Monash Children's Hospital

From Wikipedia, the free encyclopedia
Jump to: navigation, search
Monash Children's Hospital
Location Melbourne, Victoria, Australia
Hospital type Paediatric
Affiliated university Monash Medical Centre, Monash University Faculty of Medicine
Beds 240
Founded As Queen Victoria Hospital in 1896
Lists Hospitals in Australia

Monash Children’s Hospital is a major paediatric hospital in Melbourne, Australia. It has a tertiary site based at Monash Medical Centre Clayton, and also has wards contained within Dandenong Hospital and Casey Hospital. The hospital administrators are Monash Health, Victoria’s largest public health service.[1]

It is Australia’s third-largest paediatric health service by volume of patients treated.[2]

Facilities and services[edit]

Monash Children’s Hospital’s three sites have a total of 240 paediatric beds. This includes Victoria’s only paediatric intensive care beds outside of the Royal Children’s Hospital, a Neonatal Intensive Care Unit, three Special Care Nurseries, the Monash Children’s Cancer Centre and specialised paediatric emergency department facilities.[3] Monash Children's Cancer Centre provides oncological treatment for 30% of Victoria's paediatric cancer patients.[4]

Monash Children’s Hospital houses Victoria’s only children’s sleep research facility, and the state's only Thalassaemia treatment unit, only centre for foetal surgery, and only facility for paediatric cardiac electrophysiology.[5]

Mental health services include outpatient clinics to assess and manage mothers and their infants. There are inpatient and outpatient mental health services for patients up to 18 years, as well as their families.[6]

The hospital performs a number of pro bono surgical cases each year for children from developing countries, particularly cases requiring cardiac intervention or neurological surgery.[7][8][9][10] A Ronald McDonald House is located alongside Monash Children's Hospital, allowing families from regional and rural areas to stay close to their children during treatment.[11]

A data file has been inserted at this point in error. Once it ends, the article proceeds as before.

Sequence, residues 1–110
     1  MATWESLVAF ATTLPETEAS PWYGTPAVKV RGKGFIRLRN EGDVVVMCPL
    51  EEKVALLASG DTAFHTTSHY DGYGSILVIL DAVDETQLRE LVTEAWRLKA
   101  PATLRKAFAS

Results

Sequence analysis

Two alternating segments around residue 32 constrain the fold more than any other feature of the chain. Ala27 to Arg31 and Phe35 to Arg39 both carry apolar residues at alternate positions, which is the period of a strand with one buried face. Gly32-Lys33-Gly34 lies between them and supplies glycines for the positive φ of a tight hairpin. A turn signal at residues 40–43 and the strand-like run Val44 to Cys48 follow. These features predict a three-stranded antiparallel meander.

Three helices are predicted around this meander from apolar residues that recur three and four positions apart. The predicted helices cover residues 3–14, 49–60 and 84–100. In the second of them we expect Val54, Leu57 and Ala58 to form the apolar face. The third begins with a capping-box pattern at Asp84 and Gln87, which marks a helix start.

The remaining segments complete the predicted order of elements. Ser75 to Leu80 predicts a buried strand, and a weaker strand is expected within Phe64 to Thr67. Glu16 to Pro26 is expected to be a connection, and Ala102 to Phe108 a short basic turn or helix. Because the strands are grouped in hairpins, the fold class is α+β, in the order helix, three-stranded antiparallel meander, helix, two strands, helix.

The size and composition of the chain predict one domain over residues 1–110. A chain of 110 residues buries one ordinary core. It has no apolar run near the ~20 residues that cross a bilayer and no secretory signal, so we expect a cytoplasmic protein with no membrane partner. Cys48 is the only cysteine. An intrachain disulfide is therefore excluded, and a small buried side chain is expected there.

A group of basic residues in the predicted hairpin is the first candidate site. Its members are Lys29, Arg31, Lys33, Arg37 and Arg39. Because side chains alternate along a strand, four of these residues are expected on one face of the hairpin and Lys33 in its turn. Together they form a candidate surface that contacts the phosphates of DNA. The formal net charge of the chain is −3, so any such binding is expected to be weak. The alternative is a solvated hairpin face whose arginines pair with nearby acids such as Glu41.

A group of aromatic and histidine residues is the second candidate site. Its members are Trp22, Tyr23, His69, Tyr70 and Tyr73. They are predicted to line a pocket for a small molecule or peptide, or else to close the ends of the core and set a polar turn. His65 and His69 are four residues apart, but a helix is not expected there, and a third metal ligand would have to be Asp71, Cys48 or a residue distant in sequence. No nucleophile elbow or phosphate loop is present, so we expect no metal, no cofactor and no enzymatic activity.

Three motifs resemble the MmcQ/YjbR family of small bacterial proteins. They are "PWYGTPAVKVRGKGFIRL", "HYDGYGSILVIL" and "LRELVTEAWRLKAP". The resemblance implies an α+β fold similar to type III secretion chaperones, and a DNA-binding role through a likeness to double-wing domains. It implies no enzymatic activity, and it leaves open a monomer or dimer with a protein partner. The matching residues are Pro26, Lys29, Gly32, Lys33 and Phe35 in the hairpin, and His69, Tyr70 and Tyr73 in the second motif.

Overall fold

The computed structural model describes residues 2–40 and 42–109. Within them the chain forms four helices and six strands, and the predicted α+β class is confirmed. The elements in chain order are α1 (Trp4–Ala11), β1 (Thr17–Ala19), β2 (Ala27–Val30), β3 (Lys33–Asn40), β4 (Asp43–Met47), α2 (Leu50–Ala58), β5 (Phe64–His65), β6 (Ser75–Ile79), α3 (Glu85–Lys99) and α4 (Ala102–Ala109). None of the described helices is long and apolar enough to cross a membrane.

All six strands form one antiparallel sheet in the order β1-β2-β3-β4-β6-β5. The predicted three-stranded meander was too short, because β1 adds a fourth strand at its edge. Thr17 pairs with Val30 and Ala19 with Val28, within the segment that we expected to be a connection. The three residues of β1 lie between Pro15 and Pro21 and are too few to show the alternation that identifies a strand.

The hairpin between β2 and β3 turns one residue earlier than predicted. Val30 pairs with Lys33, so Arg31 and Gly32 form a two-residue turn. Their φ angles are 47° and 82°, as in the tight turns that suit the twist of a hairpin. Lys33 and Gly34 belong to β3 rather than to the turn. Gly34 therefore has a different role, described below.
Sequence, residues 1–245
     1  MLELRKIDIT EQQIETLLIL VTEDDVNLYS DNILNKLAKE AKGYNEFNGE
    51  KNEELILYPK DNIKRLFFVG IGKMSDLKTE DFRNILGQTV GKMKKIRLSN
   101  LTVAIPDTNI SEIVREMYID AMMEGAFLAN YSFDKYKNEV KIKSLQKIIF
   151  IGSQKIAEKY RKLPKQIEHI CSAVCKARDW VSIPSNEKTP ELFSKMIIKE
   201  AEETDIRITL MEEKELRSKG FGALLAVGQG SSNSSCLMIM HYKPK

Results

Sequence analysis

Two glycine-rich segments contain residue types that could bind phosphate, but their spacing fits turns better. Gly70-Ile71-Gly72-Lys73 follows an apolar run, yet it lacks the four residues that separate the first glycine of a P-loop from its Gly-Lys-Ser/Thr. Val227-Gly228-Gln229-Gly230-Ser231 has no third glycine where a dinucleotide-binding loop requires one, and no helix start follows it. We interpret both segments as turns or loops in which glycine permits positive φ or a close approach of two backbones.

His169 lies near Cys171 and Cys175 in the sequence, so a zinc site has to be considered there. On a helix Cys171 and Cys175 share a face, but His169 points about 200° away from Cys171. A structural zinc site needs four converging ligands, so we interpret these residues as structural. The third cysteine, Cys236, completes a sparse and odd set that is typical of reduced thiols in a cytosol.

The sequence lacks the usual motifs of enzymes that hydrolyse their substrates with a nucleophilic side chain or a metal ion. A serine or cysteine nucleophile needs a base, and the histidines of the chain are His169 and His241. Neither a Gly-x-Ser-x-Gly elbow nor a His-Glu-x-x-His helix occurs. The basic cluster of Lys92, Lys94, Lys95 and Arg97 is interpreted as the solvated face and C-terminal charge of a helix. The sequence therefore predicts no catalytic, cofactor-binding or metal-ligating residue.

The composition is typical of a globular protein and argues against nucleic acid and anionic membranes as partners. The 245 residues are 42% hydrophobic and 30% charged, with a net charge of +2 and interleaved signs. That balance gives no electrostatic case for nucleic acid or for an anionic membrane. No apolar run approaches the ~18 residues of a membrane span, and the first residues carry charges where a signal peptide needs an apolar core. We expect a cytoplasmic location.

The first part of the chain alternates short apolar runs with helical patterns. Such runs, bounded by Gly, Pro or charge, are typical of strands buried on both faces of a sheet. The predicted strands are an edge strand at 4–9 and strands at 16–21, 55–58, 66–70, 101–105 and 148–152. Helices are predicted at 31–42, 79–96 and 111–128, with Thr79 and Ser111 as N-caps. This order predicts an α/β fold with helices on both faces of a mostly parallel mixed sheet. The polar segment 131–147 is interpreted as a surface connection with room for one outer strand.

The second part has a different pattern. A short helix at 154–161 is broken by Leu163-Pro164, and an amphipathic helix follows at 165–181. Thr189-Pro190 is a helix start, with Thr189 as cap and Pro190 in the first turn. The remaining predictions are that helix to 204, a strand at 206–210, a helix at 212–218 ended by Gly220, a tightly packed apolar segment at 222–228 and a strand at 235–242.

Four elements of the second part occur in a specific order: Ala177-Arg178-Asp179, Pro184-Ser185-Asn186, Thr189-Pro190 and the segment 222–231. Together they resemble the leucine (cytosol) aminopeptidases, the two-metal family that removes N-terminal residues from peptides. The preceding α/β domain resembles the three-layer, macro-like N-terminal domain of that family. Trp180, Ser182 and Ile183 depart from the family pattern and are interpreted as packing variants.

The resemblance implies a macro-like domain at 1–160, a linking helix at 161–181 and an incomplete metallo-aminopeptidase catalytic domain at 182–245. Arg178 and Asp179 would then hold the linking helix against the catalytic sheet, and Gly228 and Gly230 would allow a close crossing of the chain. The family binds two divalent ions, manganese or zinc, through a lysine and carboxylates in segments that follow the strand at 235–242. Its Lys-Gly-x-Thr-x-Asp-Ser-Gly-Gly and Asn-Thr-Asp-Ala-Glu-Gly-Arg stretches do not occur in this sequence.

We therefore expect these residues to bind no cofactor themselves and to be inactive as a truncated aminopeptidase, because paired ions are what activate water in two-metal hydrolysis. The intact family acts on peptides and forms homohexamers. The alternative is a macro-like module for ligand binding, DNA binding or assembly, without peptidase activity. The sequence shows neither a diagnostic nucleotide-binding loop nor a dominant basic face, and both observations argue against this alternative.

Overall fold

As of 2012, Monash Children’s Hospital employed nearly 200 doctors and over 300 full-time nurses.[12]

New Monash Children's Hospital[edit]

In November 2012 the Victorian Government committed to building a stand-alone facility to house Monash Children's Hospital at a site directly alongside Monash Medical Centre, Clayton. The construction is scheduled for completion in 2017.[13] The need for a second purpose-built major paediatric service in Victoria became apparent after reports showed that the current Monash Children's Hospital admits nearly 85% as many patients as the Royal Children's Hospital.[14][15][16] Victorian Minister for Health David Davis said that the population boom in the South-East corridor of Melbourne meant the construction of a new 230-bed hospital was overdue.[17]


In 2009 a team of clinicians at Monash Children’s Hospital made international headlines[18] after they pioneered a world-first treatment for molybednum cofactor deficiency type A. The treatment was first used to treat ‘Baby Z’, who became the first person ever born with the condition to survive without sustaining brain damage.[19]


  1. ^ "Southern Health 'About Us'". Southern Health. Retrieved 03/12/12. 
  2. ^ "Monash Children’s Hospital Fast Facts". Southern Health. Retrieved 29/11/12. 
  3. ^ "Monash Children’s Hospital Fast Facts". Southern Health. Retrieved 29/11/12. 
  4. ^
  5. ^ "Monash Children’s Hospital Fast Facts". Southern Health. Retrieved 29/11/12. 
  6. ^ "Monash Children’s Hospital Fast Facts". Southern Health. Retrieved 29/11/12. 
  7. ^ "Channel Nine News". Nine News. Retrieved 10/12/12. 
  8. ^ "Herald Sun". Herald and Weekly Times. Retrieved 10/12/12. 
  9. ^ "Health Victoria". Victorian Department of Health. Retrieved 10/12/12. 
  10. ^ "Braeside Rotary put money where Ursula's heart is". Braeside Leader. Retrieved 10/12/12. 
  11. ^
  12. ^ "Monash Children’s Hospital Fast Facts". Southern Health. Retrieved 29/11/12. 
  13. ^ "Premier Ted Baillieu says Melbourne's second children's hospital at Monash to be running by 2017". Herald Sun. 23 November 2012. 
  14. ^
  15. ^
  16. ^ "Four-year delay for children's hospital". The Age (Melbourne). 
  17. ^
  18. ^ "Baby Z cured in only 3 days". ABC News (US). Retrieved 29/11/12. 
  19. ^ "Doctor cures baby in world-first". 5 November 2009. Retrieved 29/11/12. 

External links[edit]